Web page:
Green Drinks: Tuesday 20th March

Next week we’re going to be welcoming Hayley and Keith from Greengrow to talk to us about their Ilketshall based vegetable growing co-operative. They’re working hard to do something really difficult – making a living working on the land. As well as growing and supplying vegetables to local shops, restaurants and households Greengrow also offer volunteering opportunities and work with school children. We’re also hoping a few people from Norwich FarmShare a community-led vegetable growing scheme that serves the city will be joining us for a pint.

It set me thinking a bit about what more local supply might mean for Bungay – after all we tend to look back at what used to exist in terms of numbers of local shops and traders and imagine things might be similar now if only it weren’t for the supermarkets – but there are far more people now and our lives are very different. I started to think a little bit about the market for fruit and veg and here’s what I discovered about scale and value using basic figures from the 2001 census and the Office for National Statistics (it took about 10 minutes to find all this so it isn’t very rigorous):

Population of Bungay, Ditchingham and Earsham wards = about 10,000
Average weekly household spend on food and drink (2010 figures) = £53.20
Average weekly spend on fruit and vegetables = £7.10 (of which £3.10 was fruit and £4 vegetables)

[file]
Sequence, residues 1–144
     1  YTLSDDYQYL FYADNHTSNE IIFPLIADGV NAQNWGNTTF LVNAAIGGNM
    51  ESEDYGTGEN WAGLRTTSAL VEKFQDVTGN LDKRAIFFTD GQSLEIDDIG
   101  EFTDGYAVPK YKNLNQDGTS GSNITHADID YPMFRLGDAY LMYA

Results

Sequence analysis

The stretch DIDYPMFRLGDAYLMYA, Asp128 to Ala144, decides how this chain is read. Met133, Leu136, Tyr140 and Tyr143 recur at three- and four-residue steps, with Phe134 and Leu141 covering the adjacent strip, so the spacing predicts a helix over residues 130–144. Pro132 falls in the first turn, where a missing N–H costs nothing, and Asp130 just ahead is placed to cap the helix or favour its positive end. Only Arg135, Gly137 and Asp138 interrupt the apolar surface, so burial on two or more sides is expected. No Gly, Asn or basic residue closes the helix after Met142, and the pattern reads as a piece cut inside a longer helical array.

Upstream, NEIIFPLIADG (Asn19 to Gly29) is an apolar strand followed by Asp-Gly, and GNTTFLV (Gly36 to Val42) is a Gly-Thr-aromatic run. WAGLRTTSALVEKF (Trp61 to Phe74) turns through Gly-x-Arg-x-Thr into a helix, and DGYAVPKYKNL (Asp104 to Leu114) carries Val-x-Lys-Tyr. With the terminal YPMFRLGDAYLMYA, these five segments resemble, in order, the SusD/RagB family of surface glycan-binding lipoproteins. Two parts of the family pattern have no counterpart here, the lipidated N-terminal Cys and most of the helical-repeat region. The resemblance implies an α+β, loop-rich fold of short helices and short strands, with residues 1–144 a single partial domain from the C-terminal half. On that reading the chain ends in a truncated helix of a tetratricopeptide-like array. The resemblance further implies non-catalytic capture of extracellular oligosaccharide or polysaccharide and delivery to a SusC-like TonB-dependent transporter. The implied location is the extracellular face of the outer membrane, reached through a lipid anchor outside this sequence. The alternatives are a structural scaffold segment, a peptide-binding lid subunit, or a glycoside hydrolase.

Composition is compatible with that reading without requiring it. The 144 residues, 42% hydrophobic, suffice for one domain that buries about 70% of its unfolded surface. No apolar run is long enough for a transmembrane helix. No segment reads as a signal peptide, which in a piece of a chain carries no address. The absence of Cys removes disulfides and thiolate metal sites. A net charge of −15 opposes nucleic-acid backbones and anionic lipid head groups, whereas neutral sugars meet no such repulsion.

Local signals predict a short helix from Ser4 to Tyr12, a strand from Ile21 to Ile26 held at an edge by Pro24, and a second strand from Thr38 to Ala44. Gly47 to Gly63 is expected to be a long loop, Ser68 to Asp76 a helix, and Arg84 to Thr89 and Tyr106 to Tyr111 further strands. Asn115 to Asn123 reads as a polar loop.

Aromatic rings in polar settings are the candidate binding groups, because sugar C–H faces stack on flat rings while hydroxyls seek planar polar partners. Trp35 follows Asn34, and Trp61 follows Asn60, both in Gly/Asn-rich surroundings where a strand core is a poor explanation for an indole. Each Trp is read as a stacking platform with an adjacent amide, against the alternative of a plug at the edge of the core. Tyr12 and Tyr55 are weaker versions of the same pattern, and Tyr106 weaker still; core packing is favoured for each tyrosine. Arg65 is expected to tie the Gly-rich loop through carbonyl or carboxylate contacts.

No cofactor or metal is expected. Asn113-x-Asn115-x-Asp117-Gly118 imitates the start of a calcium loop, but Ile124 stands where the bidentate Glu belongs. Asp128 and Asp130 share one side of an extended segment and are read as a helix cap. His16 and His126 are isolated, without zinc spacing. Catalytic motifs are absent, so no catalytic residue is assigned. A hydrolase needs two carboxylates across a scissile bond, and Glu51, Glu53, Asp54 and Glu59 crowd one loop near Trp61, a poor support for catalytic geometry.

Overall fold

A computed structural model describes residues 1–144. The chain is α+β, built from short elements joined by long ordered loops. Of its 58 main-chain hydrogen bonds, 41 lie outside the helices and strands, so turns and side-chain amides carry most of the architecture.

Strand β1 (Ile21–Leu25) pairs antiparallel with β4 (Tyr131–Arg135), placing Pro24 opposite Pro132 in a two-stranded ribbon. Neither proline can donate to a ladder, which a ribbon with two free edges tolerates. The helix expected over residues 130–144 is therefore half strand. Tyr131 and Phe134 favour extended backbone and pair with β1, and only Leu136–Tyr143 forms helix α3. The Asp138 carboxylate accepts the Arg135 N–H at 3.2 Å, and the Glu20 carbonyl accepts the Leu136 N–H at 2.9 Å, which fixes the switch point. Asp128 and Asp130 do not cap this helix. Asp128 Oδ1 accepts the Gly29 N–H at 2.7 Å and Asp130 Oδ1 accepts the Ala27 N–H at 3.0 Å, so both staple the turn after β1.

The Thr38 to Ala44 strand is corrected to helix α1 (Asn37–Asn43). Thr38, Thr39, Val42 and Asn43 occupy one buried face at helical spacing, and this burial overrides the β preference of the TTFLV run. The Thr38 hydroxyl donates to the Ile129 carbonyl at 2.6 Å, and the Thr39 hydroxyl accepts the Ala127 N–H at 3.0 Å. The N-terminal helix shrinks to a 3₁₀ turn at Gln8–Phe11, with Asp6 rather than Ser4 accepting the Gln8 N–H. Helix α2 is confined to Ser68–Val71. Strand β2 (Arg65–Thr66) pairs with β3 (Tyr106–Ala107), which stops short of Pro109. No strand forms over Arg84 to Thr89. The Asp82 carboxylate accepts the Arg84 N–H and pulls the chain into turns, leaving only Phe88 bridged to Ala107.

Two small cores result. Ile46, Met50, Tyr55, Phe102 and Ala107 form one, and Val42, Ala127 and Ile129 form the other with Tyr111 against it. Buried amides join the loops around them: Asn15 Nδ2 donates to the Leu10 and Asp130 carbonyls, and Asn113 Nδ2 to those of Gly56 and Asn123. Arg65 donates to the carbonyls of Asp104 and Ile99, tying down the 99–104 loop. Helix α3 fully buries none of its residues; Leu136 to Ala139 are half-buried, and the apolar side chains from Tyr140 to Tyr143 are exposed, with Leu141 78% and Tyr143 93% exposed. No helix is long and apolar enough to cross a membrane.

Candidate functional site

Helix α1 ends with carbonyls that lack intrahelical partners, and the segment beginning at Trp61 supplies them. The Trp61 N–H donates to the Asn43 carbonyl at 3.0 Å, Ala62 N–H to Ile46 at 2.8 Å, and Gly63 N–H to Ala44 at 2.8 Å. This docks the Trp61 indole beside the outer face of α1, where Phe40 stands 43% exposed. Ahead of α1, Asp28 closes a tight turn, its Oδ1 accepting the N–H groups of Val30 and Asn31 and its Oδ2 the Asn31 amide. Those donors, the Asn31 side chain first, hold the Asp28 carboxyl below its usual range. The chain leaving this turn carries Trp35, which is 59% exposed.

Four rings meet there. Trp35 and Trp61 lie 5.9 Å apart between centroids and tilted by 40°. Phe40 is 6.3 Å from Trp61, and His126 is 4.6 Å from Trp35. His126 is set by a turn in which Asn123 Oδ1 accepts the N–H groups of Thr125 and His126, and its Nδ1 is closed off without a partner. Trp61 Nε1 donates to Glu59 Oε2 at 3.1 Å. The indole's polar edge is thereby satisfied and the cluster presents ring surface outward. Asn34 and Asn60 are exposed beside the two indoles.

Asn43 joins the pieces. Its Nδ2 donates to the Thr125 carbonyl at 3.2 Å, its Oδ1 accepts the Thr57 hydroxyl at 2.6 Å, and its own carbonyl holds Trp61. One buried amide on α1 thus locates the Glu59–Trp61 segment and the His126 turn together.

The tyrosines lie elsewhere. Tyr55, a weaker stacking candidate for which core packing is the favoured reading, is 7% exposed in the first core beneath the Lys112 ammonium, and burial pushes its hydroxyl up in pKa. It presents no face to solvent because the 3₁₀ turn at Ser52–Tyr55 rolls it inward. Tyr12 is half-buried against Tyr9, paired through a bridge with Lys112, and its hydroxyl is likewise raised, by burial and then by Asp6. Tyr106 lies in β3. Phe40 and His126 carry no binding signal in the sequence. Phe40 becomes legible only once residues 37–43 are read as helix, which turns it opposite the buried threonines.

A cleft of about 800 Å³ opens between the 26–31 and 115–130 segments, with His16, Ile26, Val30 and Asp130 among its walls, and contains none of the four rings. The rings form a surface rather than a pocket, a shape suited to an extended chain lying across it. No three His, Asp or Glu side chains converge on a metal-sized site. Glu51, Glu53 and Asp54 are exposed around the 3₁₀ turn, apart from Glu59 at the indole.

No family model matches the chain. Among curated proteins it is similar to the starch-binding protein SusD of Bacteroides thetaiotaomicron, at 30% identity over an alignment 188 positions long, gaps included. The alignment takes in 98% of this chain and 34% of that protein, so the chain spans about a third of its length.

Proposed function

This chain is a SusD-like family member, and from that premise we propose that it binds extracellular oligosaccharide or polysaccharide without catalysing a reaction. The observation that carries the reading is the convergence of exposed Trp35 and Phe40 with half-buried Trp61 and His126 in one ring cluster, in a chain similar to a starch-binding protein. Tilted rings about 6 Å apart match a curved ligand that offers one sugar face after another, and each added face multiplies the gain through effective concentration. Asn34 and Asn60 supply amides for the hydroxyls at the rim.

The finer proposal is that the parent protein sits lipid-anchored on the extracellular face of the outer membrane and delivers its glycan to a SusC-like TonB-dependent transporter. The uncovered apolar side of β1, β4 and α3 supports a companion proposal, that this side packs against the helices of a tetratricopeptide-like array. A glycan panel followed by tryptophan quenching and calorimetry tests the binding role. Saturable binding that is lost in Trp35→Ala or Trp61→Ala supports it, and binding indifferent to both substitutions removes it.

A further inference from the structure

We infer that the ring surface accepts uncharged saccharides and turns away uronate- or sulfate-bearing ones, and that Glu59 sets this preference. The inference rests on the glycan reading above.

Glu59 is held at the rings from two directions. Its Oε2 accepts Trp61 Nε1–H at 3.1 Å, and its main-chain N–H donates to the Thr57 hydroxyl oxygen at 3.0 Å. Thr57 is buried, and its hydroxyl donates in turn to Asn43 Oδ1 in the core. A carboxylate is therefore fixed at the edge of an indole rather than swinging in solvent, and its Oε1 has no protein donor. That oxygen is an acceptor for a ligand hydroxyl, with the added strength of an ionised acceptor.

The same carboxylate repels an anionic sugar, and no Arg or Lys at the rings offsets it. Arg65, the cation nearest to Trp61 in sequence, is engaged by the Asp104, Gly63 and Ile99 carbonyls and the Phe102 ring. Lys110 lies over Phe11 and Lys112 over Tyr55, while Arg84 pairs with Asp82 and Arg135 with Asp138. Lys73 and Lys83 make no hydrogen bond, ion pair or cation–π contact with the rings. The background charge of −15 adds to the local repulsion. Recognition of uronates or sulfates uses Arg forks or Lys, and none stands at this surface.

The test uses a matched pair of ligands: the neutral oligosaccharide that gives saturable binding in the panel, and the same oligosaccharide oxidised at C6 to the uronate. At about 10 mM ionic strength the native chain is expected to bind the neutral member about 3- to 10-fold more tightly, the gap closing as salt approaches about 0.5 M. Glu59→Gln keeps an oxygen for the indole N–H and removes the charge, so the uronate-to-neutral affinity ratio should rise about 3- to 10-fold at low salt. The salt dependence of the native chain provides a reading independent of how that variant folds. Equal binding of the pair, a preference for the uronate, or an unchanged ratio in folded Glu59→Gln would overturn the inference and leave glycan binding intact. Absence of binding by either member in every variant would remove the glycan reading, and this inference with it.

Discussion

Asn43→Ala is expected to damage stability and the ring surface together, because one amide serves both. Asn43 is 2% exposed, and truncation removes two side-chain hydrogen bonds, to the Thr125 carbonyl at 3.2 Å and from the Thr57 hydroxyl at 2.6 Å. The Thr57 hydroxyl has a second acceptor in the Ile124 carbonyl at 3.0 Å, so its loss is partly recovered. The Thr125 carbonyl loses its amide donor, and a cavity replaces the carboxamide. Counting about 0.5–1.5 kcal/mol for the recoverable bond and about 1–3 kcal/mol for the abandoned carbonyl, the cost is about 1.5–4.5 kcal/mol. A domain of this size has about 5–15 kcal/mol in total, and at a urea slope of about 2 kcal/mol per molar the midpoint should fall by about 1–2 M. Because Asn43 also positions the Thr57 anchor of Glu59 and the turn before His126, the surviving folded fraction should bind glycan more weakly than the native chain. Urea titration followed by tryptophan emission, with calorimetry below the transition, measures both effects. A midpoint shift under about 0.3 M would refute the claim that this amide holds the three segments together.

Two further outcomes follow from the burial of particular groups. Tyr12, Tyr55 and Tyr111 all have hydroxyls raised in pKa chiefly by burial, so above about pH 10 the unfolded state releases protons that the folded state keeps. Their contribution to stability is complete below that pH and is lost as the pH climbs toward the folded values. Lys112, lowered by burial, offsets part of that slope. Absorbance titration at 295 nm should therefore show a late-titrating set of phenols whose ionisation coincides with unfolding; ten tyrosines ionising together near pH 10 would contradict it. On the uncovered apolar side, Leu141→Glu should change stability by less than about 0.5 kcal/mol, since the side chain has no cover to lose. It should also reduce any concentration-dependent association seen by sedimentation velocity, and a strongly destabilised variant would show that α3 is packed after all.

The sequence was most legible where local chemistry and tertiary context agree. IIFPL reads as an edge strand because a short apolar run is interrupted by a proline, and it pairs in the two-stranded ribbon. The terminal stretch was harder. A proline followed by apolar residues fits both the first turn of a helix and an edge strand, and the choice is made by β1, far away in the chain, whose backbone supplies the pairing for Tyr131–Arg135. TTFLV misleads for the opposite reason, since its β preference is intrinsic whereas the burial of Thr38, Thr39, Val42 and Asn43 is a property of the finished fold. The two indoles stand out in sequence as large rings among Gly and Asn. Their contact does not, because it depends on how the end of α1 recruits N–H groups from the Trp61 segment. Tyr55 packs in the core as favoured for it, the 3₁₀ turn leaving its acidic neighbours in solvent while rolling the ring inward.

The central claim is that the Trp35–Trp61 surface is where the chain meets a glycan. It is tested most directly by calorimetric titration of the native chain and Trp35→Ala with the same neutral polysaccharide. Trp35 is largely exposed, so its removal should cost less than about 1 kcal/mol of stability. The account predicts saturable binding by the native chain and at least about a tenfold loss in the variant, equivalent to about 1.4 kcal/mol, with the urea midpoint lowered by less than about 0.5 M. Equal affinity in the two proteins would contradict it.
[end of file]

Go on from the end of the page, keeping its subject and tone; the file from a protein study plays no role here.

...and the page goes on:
Estimated number of households in the three wards = 3000 (rough guess)
Estimated annual spend on food and drink by households in Bungay, Ditchingham and Earsham wards = £8,299,200
Estimated annual spend of fruit and veg in Bungay, Ditchingham and Earsham wards = £1,107,600

By my reckoning, and regardless of what mix of produce is being sold and where it is grown, that one million pounds could support 4 good sized green grocers and employ an owner/proprietor and several part and full time staff in each shop. (I’m using shops for ease of doing this – could better be a mix of community supported agriculture schemes, box schemes, shops and markets)

And what if they sold more local produce? (defining ‘local’ is slippery, but I think I mean grown in the Waveney valley.) Even if only 60% of the vegetables and 15% of the fruit sold by those green grocers were grown locally it could support two small market garden / fruit businesses, or specialisation to meet demand on half a dozen farms which again would support a number of jobs.